1892. Exeter Rhode Island. Folks are dying all around. George Brown’s family has been hit especially hard. First his wife Mary, and then his daughter Mary Olive passed on. His son Edwin had been sent away to Colorado in the hopes that the air would help him, but he returned because the sickness progressed. Then his daughter Mercy took sick and died.
How much can one man take? As Edwin’s illness grows worse, folks begin to talk. Three people dead in one family? Surely it wasn’t the “bacteria” these fancy doctors talk about. No, something was stalking the family. A curse….
George is a desperate man, ready to try anything to stop the hell he’s going through. Edwin is growing pale now and coughing up blood. The older folk in town are saying the dead of the Brown family are preying on the living to stay alive.
One day, George and some friends head to the cemetery. He’s had enough and he simply has to know. First they exhume Mary. She’s decomposed. Next they exhume Mary Olive. She’s decomposed. They turn their shovels to Mercy’s grave last. The men share a nervous glance when their shovels hit wood. Whispering a prayer to Almighty God, George opens the casket. Mercy lies in repose, looking as if she were merely sleeping. And then her eyes open….
The Last Vampire in America
Mercy Brown is known as the Rhode Island Vampire, and also as the last vampire in America. She was a victim of superstition who died of consumption (tuberculosis) in 1892. She was exhumed, along with her mother and sister, during the New England Vampire Panic and found to not have decomposed. This can be explained by the fact that her corpse was stored in below-freezing temperatures in an above-ground crypt for two months before being buried.
The people of Exeter, Rhode Island didn’t realize this. They viewed her condition as proof that she had been returning from her grave to sap life from the living. Her heart and liver were cut out and burned and the sick Edwin was made to drink a tonic made from the ashes in an effort to cure the curse. He died two months later. Mercy’s remains were returned to the family plot.
The Mercy Brown legend made headlines in the 1890s, and it is alleged that Bram Stoker used her story as the basis for Lucy Westenra. As time has gone on, rumors that her grave is haunted have become popular. The most interesting version of the legend is that if you visit the grave at night, the vampire will be waiting for you at your car when you return. In 2011, two teens were killed in a car accident after visiting the grave at night.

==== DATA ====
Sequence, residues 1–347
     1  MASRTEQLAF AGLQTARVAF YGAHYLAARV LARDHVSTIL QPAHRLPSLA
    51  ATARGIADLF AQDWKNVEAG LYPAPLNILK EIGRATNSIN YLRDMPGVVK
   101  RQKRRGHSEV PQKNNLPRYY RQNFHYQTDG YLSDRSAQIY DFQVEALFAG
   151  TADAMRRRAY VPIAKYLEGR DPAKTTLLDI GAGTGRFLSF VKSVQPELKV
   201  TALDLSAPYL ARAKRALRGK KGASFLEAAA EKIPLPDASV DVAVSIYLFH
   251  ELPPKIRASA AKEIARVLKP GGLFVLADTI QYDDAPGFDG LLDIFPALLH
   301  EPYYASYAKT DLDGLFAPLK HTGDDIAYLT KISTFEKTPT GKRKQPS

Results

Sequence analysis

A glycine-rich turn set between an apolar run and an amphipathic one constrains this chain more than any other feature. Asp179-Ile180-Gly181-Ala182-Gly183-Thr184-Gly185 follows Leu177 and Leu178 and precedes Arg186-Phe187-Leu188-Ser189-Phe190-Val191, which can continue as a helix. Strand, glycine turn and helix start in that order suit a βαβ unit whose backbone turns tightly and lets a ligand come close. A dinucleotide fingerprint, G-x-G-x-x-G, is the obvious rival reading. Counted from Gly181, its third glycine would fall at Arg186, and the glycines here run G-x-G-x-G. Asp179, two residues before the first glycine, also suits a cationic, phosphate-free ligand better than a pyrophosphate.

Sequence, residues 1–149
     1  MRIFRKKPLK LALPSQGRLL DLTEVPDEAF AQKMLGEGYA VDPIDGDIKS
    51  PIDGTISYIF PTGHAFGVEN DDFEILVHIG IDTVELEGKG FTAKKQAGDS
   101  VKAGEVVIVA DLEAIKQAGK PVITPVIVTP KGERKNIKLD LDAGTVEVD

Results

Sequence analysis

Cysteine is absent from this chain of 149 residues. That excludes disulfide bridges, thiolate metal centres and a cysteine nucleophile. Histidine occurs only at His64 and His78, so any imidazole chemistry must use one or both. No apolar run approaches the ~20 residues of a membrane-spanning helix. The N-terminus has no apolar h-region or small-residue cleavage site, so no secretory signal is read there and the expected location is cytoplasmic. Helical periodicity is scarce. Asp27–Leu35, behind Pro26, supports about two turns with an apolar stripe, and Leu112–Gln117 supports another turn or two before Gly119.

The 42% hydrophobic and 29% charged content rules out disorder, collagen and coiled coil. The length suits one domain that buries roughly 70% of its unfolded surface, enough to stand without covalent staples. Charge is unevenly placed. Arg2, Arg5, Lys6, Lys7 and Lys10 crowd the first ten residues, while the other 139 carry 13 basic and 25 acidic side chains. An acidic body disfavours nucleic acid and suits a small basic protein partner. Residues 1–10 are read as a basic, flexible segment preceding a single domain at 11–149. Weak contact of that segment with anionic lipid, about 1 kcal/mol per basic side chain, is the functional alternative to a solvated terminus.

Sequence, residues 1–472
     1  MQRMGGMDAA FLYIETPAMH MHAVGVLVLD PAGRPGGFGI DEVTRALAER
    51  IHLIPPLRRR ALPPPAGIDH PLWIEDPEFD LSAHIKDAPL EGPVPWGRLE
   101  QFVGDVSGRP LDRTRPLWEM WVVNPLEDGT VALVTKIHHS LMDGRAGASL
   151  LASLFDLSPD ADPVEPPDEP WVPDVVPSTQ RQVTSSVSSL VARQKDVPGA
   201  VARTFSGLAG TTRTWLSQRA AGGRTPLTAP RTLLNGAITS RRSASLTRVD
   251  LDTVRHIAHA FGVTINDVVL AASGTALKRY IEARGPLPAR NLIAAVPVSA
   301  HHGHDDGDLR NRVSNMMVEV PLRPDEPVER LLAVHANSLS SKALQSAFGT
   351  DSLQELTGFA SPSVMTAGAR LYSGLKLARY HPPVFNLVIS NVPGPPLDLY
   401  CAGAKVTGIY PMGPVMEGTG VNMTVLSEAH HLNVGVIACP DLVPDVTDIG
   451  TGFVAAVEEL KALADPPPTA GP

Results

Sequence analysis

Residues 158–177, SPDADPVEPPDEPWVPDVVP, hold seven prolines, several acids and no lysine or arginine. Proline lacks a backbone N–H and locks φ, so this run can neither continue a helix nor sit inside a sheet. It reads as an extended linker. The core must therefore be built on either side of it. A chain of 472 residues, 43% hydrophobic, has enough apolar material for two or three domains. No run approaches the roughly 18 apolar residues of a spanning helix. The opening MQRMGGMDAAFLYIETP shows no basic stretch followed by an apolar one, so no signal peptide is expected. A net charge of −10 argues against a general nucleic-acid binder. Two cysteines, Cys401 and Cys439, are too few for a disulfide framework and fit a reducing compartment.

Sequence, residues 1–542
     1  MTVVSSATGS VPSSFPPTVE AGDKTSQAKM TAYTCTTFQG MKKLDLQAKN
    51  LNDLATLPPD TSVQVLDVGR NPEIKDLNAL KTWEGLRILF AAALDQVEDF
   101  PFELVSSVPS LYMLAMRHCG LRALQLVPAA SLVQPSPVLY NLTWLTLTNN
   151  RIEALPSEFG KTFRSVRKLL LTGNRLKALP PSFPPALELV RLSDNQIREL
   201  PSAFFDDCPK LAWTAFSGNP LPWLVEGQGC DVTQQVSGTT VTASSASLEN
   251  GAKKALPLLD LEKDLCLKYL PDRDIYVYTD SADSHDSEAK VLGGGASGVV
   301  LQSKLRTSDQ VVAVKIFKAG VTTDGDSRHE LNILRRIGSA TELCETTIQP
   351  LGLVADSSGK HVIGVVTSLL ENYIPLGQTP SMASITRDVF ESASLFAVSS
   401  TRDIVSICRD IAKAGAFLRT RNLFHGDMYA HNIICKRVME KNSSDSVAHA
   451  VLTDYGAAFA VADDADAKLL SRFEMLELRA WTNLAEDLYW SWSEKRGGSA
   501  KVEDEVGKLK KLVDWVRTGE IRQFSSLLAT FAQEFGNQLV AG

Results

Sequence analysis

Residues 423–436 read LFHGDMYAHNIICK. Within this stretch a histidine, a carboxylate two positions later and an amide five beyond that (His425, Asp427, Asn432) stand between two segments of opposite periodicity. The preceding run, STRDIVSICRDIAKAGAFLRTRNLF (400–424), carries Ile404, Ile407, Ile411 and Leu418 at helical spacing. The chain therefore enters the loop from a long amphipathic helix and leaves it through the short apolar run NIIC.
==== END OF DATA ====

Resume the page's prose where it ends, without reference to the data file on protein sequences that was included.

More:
Mercy can be used in games in two ways, both as a gaslight era “bloofer lady” for your investigators to tangle with, or as the version that haunts the graveyard behind the old white Baptist church on Ten Rod Road in Exeter Rhode Island. The stat block presented below works for either iteration.
Mercy Brown, The Rhode Island Vampire
Attacks per round: 1
Mercy attacks with fists/ claws, surprising her opponents with her inhuman strength.
Bite: Mercy may either use her Gaze or a combat maneuver to grab an opponent and drain their blood. She drains 2D10 STR (blood) from the victim each round.
Gaze: Mercy can cast her gaze on a target. If the target fails an opposed POW roll the target is hypnotized and can be made to follow simple instructions. If these instructions are self-destructive, at the start of a round the target’s player may attempt an INT roll to snap out of it. If the target is a family member of Mercy’s the opposed roll is made with a Penalty die.
Fighting 50% (25/10), damage 1D4 + damage bonus or weapon
Bite 50% (25/10), damage 1D4 + special (see above)
Gaze Hypnotized, see above.
Dodge: 25% (12/5)
Skills: Charm 60%, Human Psychology 60%, Stealth 70%, Track (Scent Blood) 75%.
Armor: 0, but can reform after hit points are exceeded.
Sanity Loss: 0/1D4 Sanity points to be attacked; 1/1D3 to see Mercy do something unnatural, such as seeing her awaken from the dead in her coffin, or finding her sitting on the hood of your car after visiting her grave.